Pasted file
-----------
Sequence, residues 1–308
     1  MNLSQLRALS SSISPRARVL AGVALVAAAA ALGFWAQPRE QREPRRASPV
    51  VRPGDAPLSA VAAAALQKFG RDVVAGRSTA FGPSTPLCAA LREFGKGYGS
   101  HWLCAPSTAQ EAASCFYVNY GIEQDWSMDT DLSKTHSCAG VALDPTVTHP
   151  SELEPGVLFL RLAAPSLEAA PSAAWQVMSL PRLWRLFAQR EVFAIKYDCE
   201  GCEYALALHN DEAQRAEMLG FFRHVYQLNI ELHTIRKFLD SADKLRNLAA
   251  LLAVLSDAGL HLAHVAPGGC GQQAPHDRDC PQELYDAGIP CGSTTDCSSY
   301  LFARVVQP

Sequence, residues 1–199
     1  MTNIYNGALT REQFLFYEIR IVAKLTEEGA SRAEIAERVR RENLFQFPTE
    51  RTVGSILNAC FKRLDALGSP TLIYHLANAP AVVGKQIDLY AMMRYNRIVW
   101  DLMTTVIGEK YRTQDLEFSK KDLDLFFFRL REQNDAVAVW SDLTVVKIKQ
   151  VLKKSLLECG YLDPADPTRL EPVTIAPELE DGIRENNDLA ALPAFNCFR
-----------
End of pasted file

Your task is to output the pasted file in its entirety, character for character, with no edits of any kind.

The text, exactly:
Sequence, residues 1–308
     1  MNLSQLRALS SSISPRARVL AGVALVAAAA ALGFWAQPRE QREPRRASPV
    51  VRPGDAPLSA VAAAALQKFG RDVVAGRSTA FGPSTPLCAA LREFGKGYGS
   101  HWLCAPSTAQ EAASCFYVNY GIEQDWSMDT DLSKTHSCAG VALDPTVTHP
   151  SELEPGVLFL RLAAPSLEAA PSAAWQVMSL PRLWRLFAQR EVFAIKYDCE
   201  GCEYALALHN DEAQRAEMLG FFRHVYQLNI ELHTIRKFLD SADKLRNLAA
   251  LLAVLSDAGL HLAHVAPGGC GQQAPHDRDC PQELYDAGIP CGSTTDCSSY
   301  LFARVVQP

Sequence, residues 1–199
     1  MTNIYNGALT REQFLFYEIR IVAKLTEEGA SRAEIAERVR RENLFQFPTE
    51  RTVGSILNAC FKRLDALGSP TLIYHLANAP AVVGKQIDLY AMMRYNRIVW
   101  DLMTTVIGEK YRTQDLEFSK KDLDLFFFRL REQNDAVAVW SDLTVVKIKQ
   151  VLKKSLLECG YLDPADPTRL EPVTIAPELE DGIRENNDLA ALPAFNCFR